Well for one thing, in most restaurants, the servers have to split a percentage of their tips to a bartender, hostess, food runner, and bus persons. They also get their tips taxed as long as they claim them. This leaves them with a little over minimum wage to deal with nasty, ungrateful, and often times rude people for hours on end. I have a 10 fold salary now than when I served for 7 years putting myself through college, and I don't do half of the work or deal with half of the nastiness. Also, the reason you tip based on percentage of sales, and it's because at a more expensive restaurant which the server is required to be more educated about beer, wine, large amounts of menu items, and usually in those places you have to tip out at least 2 or 3 different people per shift. I only go out to eat once a month and that's only when my husband is home from overseas, but when I choose to eat out, I tip what is acceptable which for good service is 20%. Terrible service 15%. Great service 25%. If you can't afford it don't eat there and if you disagree with tipping stipulations contact your local/federal legislature because they make the call on what minimum pay is for servers and go to Wendys.

Interesting. Should I decide to turn in my clunker, Subaru was on my list as one possible replacement. It wasn't at the top because I've been very happy with one of the Mazda dealers in town. I haven't been back there in quite a while though (Mazda's been out of warranty for half a decade meaning it goes to my indy mechanic for maintenance) so who knows if that's still true.

With a decent reference from a reliable source maybe Subaru will move up the list a notch assuming it's the dealer in town, and not the one way out on the lakeshore.

Now if only I could get an Outback turbo without the Limited package (and $33k pricetag).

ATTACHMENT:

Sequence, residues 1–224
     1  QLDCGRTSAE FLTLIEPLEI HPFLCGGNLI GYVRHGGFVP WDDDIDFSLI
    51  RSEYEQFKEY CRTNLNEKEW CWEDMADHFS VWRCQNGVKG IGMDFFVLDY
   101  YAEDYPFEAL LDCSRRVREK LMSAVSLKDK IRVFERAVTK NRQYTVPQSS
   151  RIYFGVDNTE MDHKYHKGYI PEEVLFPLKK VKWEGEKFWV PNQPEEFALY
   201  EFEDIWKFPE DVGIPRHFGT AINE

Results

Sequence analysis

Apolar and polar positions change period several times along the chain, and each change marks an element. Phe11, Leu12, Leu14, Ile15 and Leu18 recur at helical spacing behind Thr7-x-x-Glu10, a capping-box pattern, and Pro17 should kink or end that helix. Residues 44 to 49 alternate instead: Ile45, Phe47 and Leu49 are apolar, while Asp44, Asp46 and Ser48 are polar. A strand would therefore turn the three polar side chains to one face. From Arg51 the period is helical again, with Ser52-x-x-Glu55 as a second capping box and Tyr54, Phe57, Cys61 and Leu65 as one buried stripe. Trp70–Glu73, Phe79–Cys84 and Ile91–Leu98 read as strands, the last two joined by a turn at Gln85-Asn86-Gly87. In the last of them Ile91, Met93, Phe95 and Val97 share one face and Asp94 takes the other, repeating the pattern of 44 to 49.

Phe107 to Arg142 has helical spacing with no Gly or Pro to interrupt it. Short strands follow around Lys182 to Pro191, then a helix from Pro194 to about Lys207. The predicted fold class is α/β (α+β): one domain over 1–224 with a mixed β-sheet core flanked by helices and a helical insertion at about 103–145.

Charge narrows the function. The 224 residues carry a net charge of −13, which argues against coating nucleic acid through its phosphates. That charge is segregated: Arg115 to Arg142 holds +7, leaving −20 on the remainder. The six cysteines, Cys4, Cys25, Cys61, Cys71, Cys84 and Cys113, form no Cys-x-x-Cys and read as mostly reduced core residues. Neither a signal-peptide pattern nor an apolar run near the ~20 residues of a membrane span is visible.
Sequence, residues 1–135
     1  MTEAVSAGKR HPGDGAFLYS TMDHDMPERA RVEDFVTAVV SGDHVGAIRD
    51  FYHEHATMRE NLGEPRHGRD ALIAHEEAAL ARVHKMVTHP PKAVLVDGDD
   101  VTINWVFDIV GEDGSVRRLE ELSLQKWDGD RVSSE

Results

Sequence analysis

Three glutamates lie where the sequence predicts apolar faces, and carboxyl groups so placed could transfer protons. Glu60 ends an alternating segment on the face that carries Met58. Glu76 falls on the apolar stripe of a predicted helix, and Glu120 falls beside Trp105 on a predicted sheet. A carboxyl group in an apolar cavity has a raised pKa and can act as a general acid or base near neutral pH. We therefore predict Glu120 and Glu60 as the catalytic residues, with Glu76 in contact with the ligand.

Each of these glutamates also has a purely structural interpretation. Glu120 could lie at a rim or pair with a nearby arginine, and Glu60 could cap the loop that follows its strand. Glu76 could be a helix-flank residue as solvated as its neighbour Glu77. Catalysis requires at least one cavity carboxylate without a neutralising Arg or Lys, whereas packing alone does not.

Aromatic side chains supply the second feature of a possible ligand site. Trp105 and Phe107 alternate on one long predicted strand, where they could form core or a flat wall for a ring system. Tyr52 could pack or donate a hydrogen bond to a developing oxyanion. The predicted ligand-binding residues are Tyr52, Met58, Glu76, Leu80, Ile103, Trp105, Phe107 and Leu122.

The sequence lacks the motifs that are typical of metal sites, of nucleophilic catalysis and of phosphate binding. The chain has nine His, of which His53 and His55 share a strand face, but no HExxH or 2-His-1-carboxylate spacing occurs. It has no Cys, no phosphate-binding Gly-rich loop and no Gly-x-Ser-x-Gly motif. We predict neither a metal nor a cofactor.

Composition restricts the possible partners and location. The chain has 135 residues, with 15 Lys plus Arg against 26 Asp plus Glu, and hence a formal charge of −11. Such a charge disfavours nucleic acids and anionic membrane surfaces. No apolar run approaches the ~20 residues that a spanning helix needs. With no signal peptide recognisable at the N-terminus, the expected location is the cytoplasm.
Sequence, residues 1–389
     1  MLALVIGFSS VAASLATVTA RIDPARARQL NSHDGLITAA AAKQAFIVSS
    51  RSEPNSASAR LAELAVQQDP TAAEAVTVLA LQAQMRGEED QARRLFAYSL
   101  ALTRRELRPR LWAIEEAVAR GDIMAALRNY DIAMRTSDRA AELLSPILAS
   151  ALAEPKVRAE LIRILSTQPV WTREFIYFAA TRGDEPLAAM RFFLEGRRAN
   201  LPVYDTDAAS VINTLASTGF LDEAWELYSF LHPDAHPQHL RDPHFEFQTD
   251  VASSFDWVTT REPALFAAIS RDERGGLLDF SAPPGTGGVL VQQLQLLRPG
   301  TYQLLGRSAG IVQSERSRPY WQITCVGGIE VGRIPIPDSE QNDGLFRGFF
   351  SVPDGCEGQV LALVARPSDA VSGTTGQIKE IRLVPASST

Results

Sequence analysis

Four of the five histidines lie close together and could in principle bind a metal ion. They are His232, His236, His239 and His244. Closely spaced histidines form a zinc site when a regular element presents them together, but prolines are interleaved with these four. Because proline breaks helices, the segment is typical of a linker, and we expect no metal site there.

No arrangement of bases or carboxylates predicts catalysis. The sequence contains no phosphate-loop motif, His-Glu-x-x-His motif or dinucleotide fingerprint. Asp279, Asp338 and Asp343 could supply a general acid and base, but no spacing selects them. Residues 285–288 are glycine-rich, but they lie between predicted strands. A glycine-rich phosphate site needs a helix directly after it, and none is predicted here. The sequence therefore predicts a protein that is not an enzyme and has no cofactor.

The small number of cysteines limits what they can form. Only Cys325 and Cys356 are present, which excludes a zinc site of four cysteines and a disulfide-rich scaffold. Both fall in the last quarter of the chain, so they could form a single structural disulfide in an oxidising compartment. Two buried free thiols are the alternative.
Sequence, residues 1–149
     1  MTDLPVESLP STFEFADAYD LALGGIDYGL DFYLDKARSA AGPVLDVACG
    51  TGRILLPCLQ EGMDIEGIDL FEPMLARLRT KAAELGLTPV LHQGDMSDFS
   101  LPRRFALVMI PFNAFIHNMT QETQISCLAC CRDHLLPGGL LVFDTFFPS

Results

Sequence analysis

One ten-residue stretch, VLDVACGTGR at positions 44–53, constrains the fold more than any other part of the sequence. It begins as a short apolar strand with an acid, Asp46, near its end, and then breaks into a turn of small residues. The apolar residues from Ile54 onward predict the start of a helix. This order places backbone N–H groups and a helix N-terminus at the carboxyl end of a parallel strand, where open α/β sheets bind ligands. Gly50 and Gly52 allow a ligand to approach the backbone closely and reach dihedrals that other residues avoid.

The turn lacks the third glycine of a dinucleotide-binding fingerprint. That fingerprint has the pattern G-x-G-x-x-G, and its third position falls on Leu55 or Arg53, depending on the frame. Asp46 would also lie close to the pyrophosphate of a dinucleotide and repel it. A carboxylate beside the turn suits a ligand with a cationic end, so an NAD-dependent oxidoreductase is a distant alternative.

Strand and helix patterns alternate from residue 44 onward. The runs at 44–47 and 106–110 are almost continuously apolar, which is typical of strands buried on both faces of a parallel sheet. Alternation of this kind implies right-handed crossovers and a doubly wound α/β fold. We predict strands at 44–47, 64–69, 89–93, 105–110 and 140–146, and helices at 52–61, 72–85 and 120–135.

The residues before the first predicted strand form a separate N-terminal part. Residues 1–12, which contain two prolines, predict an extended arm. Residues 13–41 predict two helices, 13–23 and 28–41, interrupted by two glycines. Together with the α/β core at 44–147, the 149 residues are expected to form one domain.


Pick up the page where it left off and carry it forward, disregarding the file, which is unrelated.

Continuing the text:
My wife is a server, and I can speak first hand for what she does, and why tipping is necessary... in her case, she has to tip out her bartenders 10% of the drink order for the table, and another 5% for the host. This is not optional. If, in your example, the bill comes to $60, and $20 was drink orders, $2.00 goes straight to the bartender, and $3.00 would go to the host. If you only tipped $5 (as in your example), she made ZERO from setting your table, taking your order, picking up the food, delivering it and making sure everything is as you like it. Refilling/retaking your drink order, cleaning up and packing any left overs for you, taking a dessert order, delivering this dessert, clearing up everything (including dirty used napkins, uneaten food, etc...) taking your payment and getting the table cleaned, setting the plates/napkins/silverware and generally getting the area ready for the next customer.

So the next time you tip out $5 on a $60 order, try to remember that your waitress may end up with nothing at the end, or if you spend even more on your dinner, your waitress may actually OWE someone for waiting on you.

And to address the folks who have asked whether tipping at a sit down restaurant is different than someone bring out your order at Wendy's, ask yourself, do they wait on you hand and foot, clean up your trash for you, pack up your left overs, refill your drinks, etc...? No, he just walked from Point A to Point B, and left it at that. Did he come back to make sure you were all set when you were done? Big difference there...

I've had a horrible customer service experience lately with Select Comfort.

People who don't tip at least 15% when they eat out are completely ignorant to the amount of work it takes to be a waiter/waitress. I did it for one summer during college and literally cried every day! There are very rude patrons and it is exhausting! I agree w/the comments posted that "if you can't afford to tip, then go to Wendy's".